The islands that had captured the fancy of these earlier would-be missionaries captivated the Jesuit Diego Luis de Sanvitores when he visited Guam for the first time in 1662 en route to his assignment in the Philippines. So enthralled was he with the desire to preach the gospel to the unclothed, bronze-skinned people he met that, on his own testimony, he had to resist the impulse to jump ship and begin working among them immediately. As it was, almost from the day of his arrival in the Philippines, the noble-born Spanish priest began to bombard officials in Manila and Madrid with requests to be allowed to begin a mission in the Marianas.(8) Although his pleas to local authorities in the Philippines fell on deaf ears, Sanvitores soon found a powerful advocate of his cause in the person of the Duchess of Aveiro and the Queen Regent of Spain, Mariana of Austria, a devout Catholic who had once vowed to build as many churches as Elizabeth of England had alienated.(9) Mariana immediately lent her blessing and her funds to the enterprise, in return for which she received the compliment of having the islands named for her.
When Fr Sanvitores returned to the Marianas in 1668 at the head of his small band of Jesuits and Filipino lay helpers, it was as the emissary of the Spanish Crown charged by royal decree to convert the Indios to the Catholic faith. The garrison of 31 troops and their commander who accompanied the priests were commissioned to protect the missionaries and were fully subject to the authority of Sanvitores in civil as well as ecclesiastical matters. Half of the soldiers were without firearms and their only cannon were two ancient artillery pieces salvaged from a shipwreck.(10) Although the Jesuits were instructed to report on ‘the useful produce of the land and whether or not there are any minerals there’, the objective of the expedition was as single in purpose as the Spanish patronato system would allow.(11)
It was the queen herself who reminded her viceroy in Mexico on a later occasion that ‘the principal thing to be attended to is the conversion of the natives, and even if only on behalf of one soul any expenditure made in the mission would be well spent’.(12)
Clearly the only conquest that was envisioned as Sanvitores stepped ashore was the spiritual conquest of the islands.
The six Jesuits and their band of Filipino and Mexican lay catechists received a heartening welcome when their ship dropped anchor off the western shore of Guam. The great throng of Chamorros that lined the beach, many of them carrying spears, broke into a chorus of greetings as the priests reached the shore and escorted them to the house of the local chief where the missionaries were offered food and shelter.(13) The Spaniards had landed by chance at Agana, the most populous and most prominent of some 180 pueblos on the island. (What the missionaries called pueblos ranged in size from inland hamlets of perhaps five or 10 scattered houses to coastal villages of as many as 100 or 150 buildings). With over 200 buildings, counting bachelors’ houses and canoe houses, and a population that must have numbered about 1,500, Agana was by far the largest and most influential settlement in the Marianas at the time.(14)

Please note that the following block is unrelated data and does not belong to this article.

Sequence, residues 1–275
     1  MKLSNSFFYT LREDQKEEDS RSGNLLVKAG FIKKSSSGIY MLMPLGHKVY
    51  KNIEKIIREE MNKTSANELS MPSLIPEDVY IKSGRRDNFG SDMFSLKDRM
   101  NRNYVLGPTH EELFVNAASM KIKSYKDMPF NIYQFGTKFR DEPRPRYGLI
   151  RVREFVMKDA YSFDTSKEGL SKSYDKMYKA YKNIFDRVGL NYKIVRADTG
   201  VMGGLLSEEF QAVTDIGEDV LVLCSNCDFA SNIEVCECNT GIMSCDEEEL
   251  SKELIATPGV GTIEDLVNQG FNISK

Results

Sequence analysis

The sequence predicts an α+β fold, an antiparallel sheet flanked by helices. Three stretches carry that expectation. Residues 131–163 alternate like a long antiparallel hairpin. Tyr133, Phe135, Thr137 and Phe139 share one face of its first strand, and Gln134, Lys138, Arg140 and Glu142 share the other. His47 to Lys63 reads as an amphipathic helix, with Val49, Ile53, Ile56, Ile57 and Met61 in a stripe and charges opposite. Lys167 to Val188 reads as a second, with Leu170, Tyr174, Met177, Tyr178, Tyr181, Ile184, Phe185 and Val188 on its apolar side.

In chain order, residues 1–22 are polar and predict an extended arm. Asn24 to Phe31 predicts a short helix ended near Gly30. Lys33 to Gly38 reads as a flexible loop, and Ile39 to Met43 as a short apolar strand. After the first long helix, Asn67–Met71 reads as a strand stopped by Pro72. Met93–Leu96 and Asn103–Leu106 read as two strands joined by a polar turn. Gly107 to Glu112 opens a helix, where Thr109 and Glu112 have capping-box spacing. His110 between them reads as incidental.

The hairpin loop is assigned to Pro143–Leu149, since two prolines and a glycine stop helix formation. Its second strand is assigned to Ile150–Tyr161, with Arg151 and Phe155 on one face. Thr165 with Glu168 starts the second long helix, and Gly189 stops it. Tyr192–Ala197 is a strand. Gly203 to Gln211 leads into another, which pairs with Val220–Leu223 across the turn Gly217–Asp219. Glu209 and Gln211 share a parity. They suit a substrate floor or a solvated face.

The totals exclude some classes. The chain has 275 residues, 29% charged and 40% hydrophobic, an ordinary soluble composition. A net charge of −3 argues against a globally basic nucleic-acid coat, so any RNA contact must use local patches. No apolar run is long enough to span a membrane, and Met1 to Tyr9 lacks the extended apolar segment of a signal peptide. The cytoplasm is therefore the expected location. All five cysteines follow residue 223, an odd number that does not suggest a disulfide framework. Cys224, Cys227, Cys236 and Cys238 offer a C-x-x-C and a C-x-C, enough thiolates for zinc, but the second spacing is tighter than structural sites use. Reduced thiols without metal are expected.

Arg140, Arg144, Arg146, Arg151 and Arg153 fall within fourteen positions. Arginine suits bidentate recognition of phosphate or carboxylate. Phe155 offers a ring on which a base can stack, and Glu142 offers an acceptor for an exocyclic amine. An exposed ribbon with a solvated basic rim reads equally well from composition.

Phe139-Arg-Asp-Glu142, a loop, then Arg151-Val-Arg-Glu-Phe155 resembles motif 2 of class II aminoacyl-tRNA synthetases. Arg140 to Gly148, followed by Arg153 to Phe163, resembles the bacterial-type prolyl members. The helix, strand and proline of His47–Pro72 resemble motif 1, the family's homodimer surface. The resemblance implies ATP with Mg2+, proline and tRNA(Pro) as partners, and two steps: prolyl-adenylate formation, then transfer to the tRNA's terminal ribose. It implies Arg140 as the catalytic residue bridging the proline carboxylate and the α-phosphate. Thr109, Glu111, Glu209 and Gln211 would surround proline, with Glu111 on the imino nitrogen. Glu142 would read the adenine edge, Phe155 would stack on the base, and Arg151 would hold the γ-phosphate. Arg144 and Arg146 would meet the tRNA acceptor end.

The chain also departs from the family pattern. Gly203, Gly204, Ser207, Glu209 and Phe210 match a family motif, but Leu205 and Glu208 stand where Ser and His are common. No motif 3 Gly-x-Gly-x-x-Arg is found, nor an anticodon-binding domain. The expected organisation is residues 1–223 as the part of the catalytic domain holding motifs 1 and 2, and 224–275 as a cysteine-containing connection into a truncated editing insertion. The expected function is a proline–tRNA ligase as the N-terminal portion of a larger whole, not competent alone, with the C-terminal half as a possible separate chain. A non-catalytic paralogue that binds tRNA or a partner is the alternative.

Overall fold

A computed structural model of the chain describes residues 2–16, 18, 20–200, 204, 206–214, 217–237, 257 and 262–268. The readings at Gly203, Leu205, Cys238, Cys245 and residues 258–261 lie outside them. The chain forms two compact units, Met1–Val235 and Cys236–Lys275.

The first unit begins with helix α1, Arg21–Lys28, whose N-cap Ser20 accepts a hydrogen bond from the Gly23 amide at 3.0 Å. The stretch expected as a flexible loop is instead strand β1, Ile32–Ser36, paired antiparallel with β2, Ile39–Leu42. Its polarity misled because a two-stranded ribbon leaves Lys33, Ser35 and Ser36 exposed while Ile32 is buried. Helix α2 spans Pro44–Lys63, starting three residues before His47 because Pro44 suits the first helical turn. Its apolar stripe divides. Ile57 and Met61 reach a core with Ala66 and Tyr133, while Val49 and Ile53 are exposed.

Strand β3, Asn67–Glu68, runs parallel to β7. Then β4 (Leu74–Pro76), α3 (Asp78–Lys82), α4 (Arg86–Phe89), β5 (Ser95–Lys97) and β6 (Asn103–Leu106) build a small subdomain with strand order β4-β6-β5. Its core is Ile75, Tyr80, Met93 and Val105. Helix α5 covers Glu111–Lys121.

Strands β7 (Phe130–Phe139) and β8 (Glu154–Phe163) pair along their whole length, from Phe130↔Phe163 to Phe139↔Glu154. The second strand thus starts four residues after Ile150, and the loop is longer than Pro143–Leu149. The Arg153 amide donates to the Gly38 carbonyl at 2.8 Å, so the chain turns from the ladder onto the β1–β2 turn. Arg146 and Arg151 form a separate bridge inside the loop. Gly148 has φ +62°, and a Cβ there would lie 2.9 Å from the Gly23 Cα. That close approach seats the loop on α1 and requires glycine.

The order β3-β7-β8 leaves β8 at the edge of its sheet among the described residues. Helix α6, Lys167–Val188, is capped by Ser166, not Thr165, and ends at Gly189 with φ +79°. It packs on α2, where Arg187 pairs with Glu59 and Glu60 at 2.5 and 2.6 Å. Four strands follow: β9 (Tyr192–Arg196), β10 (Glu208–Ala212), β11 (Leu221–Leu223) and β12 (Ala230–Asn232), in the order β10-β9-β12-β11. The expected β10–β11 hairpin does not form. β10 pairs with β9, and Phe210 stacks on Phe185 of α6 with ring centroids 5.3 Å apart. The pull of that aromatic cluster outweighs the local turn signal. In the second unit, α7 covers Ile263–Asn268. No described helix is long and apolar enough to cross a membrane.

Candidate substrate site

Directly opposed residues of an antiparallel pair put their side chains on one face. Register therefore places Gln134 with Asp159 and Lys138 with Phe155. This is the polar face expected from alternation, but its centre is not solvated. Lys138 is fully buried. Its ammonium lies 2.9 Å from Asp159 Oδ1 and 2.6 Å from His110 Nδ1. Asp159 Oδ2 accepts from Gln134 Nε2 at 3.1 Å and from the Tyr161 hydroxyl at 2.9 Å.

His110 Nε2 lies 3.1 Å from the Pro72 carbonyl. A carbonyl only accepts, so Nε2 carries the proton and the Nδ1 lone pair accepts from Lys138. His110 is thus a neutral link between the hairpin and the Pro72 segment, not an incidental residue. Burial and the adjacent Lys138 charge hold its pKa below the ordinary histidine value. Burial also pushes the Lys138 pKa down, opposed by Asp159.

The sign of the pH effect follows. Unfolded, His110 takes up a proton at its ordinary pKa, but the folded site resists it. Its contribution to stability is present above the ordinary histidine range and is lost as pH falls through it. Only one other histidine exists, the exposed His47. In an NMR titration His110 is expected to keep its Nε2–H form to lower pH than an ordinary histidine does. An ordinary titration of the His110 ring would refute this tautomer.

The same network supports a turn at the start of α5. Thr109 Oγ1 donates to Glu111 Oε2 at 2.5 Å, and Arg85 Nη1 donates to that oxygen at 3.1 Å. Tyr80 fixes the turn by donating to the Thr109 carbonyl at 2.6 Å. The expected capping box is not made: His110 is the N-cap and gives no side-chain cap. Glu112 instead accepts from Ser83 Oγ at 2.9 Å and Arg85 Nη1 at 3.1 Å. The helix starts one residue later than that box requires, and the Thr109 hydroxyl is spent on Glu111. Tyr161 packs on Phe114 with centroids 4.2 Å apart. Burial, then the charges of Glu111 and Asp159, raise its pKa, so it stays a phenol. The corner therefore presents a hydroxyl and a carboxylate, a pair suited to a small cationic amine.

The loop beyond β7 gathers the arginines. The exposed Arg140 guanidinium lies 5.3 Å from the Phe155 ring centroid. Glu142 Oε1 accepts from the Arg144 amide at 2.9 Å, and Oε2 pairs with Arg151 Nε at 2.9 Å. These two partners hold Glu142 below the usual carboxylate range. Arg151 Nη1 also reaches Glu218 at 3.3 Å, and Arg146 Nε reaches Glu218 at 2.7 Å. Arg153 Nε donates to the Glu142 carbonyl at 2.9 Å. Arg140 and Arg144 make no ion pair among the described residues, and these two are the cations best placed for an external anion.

Yet Quipuha, the chief who received the missionaries, held real authority over only one section of the island. Despite its rigid social structure with three distinct classes (nobles, artisans, and landless commoners), Chamorro society was politically fragmented; every island was divided into a number of autonomous districts, each containing several pueblos and ruled by the chief of the senior clan in the area. Warfare and feuding were common as districts vied with one another for prestige, and alliances of convenience between districts were as subject to sudden change as they were in the other areas of Micronesia that lacked centralized authority.(15)
With the blessing of Quipuha, the Jesuits set up their headquarters in Agana and soon erected wooden huts to serve as their residence and temporary chapel. From the start, the new missionaries were the object of general fascination on the island: Chamorro men, who usually wore nothing at all, decked themselves out in palm leaves to sing and dance for them, and virtually the entire population of Agana presented themselves to Sanvitores as candidates for baptism after his first mass on the island. Chiefs came from other districts and even the neighbouring island of Rota to plead that one of the missionaries be allowed to live and work with them. When Sanvitores hesitated out of concern for the safety of his men, the chiefs began quarrelling among themselves as to who would have first pick.(16)
Happy at what he took to be the religious fervour of the native people, Sanvitores immediately dispatched his men on excursions to other parts of the island, and the missionaries set out to baptize children and the sick, catechize adults, and teach old and young the religious songs that Sanvitores had translated into the Chamorro language even before his arrival with the help of an old dictionary and grammar that he had been given in the Philippines.(17)